Ray Kolp 1933 Goudey card
|Born: October 1, 1894|
New Berlin, Ohio
|Died: July 29, 1967 (aged 72)|
|April 16, 1921, for the St. Louis Browns|
|Last MLB appearance|
|September 21, 1934, for the Cincinnati Reds|
|Earned run average||4.08|
Raymond Carl Kolp (October 1, 1894 in New Berlin, Ohio – July 29, 1967 in Cincinnati) was a professional baseball pitcher. He played 12 seasons in Major League Baseball between 1921 and 1934, playing in 1921-24 for the St. Louis Browns and 1927-34 for the Cincinnati Reds.
Ray Kolp played baseball as a youth (with the nickname "Jack") on New Berlin town teams and on the Electric Suction Sweepers, a team sponsored by the sweeper manufacturer that became the Hoover Company in 1922. Playing as "Ray Culp" for unclear contract-related reasons, he was a pitcher and shortstop for the Akron Numatics in 1920 in the minor's International League with famous teammate Jim Thorpe. In March 1921, Kolp was invited to a St. Louis Browns' tryout camp for pitchers and made the team to start his major league career. Early on, he seemed to have a jinx over the Cleveland Indians, beating them repeatedly, including his first trip to a big league mound on April 16,1921.
Over his career, Ray Kolp was a good pitcher, but never a great pitcher. He had an average fastball and mixed it with a sidearm pitch and various spinners. The most games he won in a season was 14 with the Browns in 1922. His overall major league won-loss record is 79-95. He gave up two home runs to Babe Ruth in one game in New York on August 5, 1923.
Ray Kolp was a stylish dresser with an assertive personality. On the field, Ray Kolp was cocky and vociferous, often taunting and scoffing at opposing players and advising umpires from both the pitching mound and dugout. He was an adept needler. His baiting harassment made him a famous bench jockey, even in those days of unruly and emotional baseball.
Ray Kolp is most remembered for an incident in 1929 involving future Hall-of-Famer Hack Wilson. The episode occurred in the day's second game; in an earlier game there had been a triple play, which may explain why feelings were running high. Hack Wilson was on first with Ray Kolp in the Cincinnati dugout shouting taunts and insults as usual. Having endured enough, Hack charged off the field into the opposing dugout where he clobbered Ray Kolp in the jaw. A near-riot ensued in the stands, with the police needed to finally restore order. That evening, the two teams met up again at the train station, where Hack Wilson punched Ray's teammate Pete Donnohue. League president Heydler personally investigated the particulars of the attacks, declaring Hack the culprit and fining him $100. These shenanigans produced headlines for days in sports sections across the U.S.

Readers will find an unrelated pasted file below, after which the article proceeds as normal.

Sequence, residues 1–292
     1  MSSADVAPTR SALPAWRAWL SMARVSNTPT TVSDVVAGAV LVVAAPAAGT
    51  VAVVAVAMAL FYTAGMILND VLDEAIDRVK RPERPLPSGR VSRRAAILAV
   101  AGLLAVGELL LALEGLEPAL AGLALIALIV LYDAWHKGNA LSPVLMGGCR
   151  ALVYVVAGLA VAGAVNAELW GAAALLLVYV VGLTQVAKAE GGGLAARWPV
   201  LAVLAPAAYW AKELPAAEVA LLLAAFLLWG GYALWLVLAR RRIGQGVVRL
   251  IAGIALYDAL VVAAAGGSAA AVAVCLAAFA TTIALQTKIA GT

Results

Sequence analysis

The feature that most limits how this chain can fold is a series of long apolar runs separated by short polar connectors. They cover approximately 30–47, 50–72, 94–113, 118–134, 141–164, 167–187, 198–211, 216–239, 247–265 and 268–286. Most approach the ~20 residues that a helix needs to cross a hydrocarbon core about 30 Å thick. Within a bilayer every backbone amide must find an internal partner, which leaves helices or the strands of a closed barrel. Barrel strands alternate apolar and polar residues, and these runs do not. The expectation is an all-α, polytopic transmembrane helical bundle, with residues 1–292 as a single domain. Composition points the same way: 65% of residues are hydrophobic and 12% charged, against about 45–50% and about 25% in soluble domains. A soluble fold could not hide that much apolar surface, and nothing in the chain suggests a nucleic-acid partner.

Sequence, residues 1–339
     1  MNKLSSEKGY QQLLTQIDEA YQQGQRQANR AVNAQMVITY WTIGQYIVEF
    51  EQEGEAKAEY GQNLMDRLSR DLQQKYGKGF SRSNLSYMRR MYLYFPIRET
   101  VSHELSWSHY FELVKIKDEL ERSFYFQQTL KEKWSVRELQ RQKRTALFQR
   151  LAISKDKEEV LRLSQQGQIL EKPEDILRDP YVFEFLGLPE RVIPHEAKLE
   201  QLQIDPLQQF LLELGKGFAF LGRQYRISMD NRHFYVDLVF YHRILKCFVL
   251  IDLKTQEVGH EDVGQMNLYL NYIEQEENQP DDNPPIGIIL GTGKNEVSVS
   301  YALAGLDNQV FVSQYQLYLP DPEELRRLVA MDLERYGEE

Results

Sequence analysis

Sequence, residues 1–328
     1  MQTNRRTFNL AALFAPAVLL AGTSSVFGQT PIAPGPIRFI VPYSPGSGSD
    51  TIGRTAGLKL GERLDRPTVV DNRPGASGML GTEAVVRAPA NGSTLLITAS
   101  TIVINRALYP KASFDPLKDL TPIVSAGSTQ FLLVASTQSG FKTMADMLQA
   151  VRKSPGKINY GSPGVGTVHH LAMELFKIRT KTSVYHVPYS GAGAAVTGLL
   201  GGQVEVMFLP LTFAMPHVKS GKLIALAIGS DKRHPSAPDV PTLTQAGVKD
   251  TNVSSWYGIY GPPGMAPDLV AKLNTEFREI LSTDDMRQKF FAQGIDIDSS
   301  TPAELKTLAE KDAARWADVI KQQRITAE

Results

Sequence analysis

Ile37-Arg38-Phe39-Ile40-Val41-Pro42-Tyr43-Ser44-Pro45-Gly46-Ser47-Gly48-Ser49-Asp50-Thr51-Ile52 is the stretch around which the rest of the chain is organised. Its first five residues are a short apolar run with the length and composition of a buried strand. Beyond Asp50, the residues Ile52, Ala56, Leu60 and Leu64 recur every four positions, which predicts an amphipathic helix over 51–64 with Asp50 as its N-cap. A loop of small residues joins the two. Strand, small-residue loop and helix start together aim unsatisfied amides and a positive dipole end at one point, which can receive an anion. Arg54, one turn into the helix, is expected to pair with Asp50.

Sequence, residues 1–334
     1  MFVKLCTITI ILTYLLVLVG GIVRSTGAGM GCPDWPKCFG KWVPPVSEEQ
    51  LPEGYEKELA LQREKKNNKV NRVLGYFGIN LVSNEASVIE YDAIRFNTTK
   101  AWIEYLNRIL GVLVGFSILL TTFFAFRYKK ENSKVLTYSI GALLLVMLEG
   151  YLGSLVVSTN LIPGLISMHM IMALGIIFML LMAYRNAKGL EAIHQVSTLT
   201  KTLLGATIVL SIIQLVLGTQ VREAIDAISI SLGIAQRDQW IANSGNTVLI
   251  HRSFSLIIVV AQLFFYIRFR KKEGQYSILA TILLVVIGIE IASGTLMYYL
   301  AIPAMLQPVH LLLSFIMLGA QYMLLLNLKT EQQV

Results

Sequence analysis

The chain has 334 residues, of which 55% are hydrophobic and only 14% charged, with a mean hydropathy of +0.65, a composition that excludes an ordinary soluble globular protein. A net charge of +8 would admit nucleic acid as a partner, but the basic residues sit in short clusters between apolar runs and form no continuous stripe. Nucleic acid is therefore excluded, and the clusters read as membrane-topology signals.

Ray Kolp played four years with the St. Louis Browns, spent two years in the minors in Minnesota with the St. Paul Saints, and then returned to the majors with the Cincinnati Reds in 1927. His last game in the majors was with the Reds on September 21, 1934. Two years later he received an engraved silver lifetime pass from major league baseball in recognition of his 12 years of big league service. Following the majors, Kolp pitched in the minors for the Minneapolis Millers for two years and then became their first base coach. He was the manager of the Williamsport Grays in Pennsylvania for two seasons, 1944 and 1945, handling a mostly Cuban team playing as replacements for the GIs at war. He led the team in promoting War Bonds, raising pledges for $231,000 in 1944.
His only son, Richard C. Kolp pitched in the minors for the Paducah Indians in Kentucky in 1939 and 1940.
Ray Kolp died in Cincinnati, Ohio on July 29, 1967. Ray and his wife Bertha Willett Kolp of Coalport, Pennsylvania, are buried in St. Stephen Cemetery in Fort Thomas, Kentucky.
- "Ray Kolp to Terre Haute". Akron Beacon Journal. December 1, 1920.
- "Jack Kolp Likes Offer of Tigers; Expects to Sign". Canton Repository. December 28, 1919.
- "Numatics Win Opening Game of Series with Syracuse Stars". Akron Beacon Journal. August 7, 1920.
- "Some Pitchers Hold Jinx for Certain Clubs". Alton Evening Telegram. August 17, 1922.
- "On 'the Trail' of Sport". Hamilton Evening Journal. June 4, 1930.
- "Adept Needler and Bench Jockey". Cincinnati Enquirer. July 31, 1967.
- "The Leading 'Jockey'". Richmond Times-Dispatch. July 27, 1929.
- "Cubs Lose The Lead By Dividing Two". New York Times. July 5, 1929.
- "Wilson Fined $100, Suspended For 3 Days for Kolp Attack". New York Times. July 7, 1929.
- "Fistic Outbreak Aired Before Heydler". Fairbanks Daily News Miner. July 27, 1929.
- "Kolp Released by Reds". New York Times. February 13, 1935.
- "Kolp Williamsport Manager". New York Times. April 19, 1944.
- "$231,000 in Bond Pledges Realized at Bowman Field". Williamsport Gazette and Bulletin. July 6, 1944.
- "Ray Talks at Home But Not So Loud". The Minneapolis Star. August 31, 1941.